Just imagine how many words it would take to explain everything we see in this solar system diagram:
--the names of the planets,
--the sizes of the planets,
--the colors of the planets,
--the distance each planet is from the sun,
--the distance each planet is from the other planets.
It's amazing that just one quick glance can convey so much information. That's why visuals—charts, diagrams, photos, illustrations—are such an important part of nonfiction writing.
Of course, in a nonfiction book, everything in the words AND everything in the pictures has to be 100 percent true. But because very few artists have a strong science background, I need to review the artist's sketches for science-themed picture books very carefully for accuracy.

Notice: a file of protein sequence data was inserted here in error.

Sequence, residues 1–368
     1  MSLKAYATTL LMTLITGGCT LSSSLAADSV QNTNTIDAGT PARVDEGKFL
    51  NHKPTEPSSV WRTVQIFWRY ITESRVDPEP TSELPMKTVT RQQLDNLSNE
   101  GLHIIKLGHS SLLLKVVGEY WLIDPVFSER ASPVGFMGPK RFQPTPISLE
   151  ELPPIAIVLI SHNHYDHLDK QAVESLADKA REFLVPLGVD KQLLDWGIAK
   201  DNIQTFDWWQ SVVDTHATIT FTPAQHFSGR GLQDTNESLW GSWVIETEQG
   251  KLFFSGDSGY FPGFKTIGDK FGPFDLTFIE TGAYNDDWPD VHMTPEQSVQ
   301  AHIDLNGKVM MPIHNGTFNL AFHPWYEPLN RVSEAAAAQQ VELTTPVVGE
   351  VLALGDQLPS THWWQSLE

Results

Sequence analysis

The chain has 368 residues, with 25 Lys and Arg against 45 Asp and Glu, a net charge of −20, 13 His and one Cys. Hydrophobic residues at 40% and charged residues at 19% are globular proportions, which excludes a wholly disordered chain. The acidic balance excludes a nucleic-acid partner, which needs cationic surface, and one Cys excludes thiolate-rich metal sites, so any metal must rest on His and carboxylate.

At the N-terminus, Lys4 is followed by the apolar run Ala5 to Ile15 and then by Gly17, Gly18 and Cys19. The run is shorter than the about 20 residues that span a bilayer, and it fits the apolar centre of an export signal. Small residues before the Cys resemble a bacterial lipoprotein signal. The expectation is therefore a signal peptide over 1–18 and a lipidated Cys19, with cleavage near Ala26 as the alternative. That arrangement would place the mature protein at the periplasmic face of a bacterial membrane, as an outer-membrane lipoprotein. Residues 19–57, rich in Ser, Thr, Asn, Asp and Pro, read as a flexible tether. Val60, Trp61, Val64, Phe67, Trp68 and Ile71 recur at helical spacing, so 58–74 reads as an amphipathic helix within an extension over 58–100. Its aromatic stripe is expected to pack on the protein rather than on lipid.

As K-2 teachers at Middle Gate Elementary School in Newtown, CT, listened to me describe the process of reviewing sketches for When Rain Falls, they came up with a great idea for their students.
|Problems with sketch: Three ladybugs probably wouldn't be so close together and all falling at the same time. A spider wouldn't sit on its web during a rainstorm.|
|Problems with art: The text says the ladybug falls off a blade of grass, so the words and pictures don't match.|
|Solution: It would be too time-consuming to change the art, so we changed the text to say that they ladybug is falling off a slippery stem.|
First, students write nonfiction about a topic of their choice. Then children in another class at the same grade level illustrate the text. Like professional authors and illustrators, they don't meet and they don't speak to one another.
When the drawings are done, the original writer reviews the artist's work. Did the artist make any factual errors? If so, how can the writer explain the problems clearly and politely in writing?
This activity models the process nonfiction authors go through when they review sketches created by an illustrator. What a great idea!